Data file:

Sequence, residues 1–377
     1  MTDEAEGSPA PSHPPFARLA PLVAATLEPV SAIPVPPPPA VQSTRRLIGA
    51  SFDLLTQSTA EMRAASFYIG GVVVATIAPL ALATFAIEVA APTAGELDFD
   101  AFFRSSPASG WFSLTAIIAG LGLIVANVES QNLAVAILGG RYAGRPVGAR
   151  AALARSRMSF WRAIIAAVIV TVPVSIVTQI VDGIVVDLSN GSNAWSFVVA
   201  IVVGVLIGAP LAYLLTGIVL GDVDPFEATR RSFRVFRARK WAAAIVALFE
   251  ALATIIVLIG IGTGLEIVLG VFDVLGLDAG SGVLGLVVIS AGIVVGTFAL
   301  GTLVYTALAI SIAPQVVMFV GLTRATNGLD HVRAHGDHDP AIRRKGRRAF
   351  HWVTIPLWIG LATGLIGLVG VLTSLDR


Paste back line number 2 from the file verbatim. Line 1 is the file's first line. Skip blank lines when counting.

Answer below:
     1  MTDEAEGSPA PSHPPFARLA PLVAATLEPV SAIPVPPPPA VQSTRRLIGA